Ricardo and Conchita got married when he was 22 years old and she a bit older. They moved in to their very own apartment right after their honeymoon. When their children were nine and seven they bought their first house outright, no mortgage, no down payment. They weren’t rich, but at that time nobody bought their house on credit. It was in the trendy center of Coyoacán at that. Ricardo had promised Conchita that they would live in the White House, and so he quickly got to work painting their yellow little fixer-upper white. It was here they lived for the next 27 years and counting. When their son got married, he lived there with his wife in the room where I am now, and when Claudia got pregnant the baby lived there too.
Ricardo Jr. eventually moved to his own place, but now it was a house bought on credit. Every month he pays double, trying to buy it off as quickly as possible, but it is a different world than his parents’.
Patti, Ricardo and Conchita’s daughter, also aspires to her own house. At 32, she must be anxious to leave. She has been saving for the past eight years, but even now the mortgage would be a heavy burden. To make extra money, she plans to rent out the rooms like her parents do.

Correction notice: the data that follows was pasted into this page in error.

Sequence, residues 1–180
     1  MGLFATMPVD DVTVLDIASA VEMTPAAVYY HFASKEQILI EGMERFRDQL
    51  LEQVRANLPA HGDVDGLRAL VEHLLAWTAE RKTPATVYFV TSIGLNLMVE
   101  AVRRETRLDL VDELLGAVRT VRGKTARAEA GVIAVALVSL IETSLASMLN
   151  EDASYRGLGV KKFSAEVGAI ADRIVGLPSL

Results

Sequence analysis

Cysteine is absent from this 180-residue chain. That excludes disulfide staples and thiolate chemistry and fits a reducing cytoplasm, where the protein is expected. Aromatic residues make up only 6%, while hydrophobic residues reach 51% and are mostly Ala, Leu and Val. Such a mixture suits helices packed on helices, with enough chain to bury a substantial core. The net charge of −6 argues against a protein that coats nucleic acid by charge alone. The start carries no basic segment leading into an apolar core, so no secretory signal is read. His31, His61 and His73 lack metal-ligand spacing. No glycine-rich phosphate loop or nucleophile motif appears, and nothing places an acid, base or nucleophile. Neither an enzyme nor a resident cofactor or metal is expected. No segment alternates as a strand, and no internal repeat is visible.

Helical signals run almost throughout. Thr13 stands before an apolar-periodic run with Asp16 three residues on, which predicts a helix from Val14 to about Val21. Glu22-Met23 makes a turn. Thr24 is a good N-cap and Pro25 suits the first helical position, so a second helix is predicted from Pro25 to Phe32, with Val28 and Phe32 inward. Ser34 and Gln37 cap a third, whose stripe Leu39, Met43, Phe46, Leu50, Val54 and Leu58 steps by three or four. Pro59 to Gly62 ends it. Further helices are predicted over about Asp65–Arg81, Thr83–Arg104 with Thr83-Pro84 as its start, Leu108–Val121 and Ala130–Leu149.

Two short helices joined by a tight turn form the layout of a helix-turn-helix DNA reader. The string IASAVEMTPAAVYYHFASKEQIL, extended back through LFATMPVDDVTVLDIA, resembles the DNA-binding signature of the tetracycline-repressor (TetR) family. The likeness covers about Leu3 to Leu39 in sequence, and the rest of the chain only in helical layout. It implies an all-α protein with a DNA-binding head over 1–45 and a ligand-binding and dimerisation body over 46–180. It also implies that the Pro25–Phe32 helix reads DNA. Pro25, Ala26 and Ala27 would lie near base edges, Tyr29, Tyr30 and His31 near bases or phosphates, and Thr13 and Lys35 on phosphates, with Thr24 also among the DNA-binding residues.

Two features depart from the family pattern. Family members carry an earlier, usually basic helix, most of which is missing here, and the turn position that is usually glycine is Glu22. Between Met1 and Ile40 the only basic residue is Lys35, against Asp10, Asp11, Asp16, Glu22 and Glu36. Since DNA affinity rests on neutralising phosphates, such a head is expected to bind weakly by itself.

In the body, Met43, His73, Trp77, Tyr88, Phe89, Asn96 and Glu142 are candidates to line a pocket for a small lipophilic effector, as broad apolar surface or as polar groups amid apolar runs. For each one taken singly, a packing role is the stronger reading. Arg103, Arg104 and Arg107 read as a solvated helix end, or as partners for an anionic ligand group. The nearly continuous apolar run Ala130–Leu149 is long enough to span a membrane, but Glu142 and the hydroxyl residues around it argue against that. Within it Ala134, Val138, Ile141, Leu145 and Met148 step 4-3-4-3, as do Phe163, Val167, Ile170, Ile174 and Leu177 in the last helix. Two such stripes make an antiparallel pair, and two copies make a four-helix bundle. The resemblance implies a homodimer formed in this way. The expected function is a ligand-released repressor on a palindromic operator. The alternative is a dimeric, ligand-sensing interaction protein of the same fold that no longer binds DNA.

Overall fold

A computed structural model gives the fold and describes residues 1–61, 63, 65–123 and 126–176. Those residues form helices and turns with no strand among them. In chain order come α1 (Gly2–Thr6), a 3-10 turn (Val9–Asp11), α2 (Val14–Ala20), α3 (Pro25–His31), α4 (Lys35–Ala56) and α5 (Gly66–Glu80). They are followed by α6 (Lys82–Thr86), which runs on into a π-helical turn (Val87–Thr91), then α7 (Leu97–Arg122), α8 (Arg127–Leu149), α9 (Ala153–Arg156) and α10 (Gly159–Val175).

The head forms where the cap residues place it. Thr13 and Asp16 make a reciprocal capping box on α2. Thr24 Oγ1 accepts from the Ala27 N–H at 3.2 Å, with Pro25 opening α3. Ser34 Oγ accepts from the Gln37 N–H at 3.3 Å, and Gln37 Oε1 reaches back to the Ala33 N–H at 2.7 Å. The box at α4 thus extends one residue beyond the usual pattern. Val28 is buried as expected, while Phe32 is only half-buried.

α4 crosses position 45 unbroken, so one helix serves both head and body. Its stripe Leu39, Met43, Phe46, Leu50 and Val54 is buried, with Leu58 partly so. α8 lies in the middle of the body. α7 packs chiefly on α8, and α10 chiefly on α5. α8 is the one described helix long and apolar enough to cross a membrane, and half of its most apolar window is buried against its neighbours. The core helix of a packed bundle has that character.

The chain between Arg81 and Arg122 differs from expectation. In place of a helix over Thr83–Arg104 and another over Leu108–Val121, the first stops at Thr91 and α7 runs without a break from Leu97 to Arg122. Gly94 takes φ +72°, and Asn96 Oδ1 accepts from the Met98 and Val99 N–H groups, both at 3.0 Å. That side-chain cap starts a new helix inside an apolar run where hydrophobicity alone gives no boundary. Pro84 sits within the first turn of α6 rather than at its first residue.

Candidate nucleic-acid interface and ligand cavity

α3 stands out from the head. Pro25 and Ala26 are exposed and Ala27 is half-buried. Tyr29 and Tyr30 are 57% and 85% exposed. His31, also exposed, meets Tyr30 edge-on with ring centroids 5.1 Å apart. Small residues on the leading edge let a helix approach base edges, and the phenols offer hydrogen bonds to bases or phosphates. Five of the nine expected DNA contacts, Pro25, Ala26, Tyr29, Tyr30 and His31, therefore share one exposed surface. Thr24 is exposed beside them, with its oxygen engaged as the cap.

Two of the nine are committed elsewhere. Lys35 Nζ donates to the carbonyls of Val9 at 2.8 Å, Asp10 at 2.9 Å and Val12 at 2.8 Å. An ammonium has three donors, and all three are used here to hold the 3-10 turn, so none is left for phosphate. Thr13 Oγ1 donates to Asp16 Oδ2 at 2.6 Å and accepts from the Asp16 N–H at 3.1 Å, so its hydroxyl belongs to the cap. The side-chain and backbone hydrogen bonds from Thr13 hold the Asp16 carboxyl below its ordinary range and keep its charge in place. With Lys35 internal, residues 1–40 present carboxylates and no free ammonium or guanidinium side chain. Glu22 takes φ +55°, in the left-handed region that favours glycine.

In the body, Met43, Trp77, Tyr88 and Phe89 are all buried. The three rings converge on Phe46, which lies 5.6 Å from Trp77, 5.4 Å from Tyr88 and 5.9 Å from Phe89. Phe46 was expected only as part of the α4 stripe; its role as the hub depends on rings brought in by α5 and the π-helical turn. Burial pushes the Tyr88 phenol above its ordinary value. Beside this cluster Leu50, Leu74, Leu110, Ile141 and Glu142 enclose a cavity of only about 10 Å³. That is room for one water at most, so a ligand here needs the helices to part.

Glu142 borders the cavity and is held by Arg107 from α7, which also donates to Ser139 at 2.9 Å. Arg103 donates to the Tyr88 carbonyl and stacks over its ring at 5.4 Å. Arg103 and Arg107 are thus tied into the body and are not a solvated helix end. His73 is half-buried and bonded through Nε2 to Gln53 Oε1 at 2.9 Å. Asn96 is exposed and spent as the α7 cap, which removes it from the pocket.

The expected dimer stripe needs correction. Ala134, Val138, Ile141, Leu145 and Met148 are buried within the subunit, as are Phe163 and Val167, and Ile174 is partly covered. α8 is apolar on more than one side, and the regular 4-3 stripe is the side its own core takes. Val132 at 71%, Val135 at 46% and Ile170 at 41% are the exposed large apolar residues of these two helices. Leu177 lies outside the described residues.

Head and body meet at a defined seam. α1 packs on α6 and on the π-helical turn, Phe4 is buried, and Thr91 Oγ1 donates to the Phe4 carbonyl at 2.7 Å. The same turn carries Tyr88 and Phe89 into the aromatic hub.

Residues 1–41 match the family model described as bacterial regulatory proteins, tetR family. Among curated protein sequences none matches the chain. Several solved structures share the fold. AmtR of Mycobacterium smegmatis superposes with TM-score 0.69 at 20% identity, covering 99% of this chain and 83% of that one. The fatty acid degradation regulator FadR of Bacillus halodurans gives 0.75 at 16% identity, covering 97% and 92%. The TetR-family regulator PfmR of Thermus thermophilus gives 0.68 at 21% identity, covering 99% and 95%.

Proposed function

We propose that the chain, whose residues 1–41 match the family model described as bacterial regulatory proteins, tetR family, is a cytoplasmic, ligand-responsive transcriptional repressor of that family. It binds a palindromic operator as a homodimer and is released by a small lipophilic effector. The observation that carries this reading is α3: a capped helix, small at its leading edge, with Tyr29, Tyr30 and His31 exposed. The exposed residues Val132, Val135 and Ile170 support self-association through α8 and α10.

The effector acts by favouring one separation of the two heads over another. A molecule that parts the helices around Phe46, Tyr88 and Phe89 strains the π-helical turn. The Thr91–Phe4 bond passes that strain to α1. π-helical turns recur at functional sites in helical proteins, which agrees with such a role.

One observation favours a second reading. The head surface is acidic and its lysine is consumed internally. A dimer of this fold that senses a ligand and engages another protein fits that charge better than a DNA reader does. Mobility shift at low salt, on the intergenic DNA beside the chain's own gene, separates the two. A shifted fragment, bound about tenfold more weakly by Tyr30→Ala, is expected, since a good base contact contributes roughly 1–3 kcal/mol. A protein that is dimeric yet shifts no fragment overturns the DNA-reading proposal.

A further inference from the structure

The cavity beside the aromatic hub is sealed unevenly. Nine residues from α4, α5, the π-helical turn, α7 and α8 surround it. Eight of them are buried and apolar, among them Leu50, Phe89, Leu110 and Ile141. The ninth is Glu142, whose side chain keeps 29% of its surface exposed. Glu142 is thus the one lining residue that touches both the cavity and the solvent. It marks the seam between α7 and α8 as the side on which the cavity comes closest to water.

Ten years ago credit was an unheard of concept in Mexico. Those who didn’t buy houses outright built their own, or lived with their parents. Today you can see advertisements for track homes along the freeway and banks market credit cards to university students. And debt is changing the face of Mexico. You may want to think of that next time you brag about the latest micro-credit scheme.
Still, in class the other day, as the professor was trying to explain the concept of national debt, he asked us how many of us had credit cards. Most of the class was asleep, so no one raised their hands. He prompted us a little more. Finally, my friend from California and I raised our hands. We were the only ones.